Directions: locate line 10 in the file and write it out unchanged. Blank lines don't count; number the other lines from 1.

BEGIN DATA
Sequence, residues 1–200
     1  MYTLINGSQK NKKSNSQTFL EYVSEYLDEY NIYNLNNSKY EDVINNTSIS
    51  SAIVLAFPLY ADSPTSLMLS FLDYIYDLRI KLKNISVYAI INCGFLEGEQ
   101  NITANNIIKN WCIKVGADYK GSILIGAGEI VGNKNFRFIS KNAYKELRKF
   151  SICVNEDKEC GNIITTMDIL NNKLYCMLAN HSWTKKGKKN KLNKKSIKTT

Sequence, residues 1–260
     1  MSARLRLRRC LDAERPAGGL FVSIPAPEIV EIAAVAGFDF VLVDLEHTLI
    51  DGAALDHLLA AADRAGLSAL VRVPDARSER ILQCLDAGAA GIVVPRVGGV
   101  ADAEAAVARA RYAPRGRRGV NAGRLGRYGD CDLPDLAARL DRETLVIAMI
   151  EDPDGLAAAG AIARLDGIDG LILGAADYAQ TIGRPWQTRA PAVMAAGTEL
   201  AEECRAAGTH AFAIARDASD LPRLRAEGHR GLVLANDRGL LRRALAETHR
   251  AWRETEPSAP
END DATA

   151  EDPDGLAAAG AIARLDGIDG LILGAADYAQ TIGRPWQTRA PAVMAAGTEL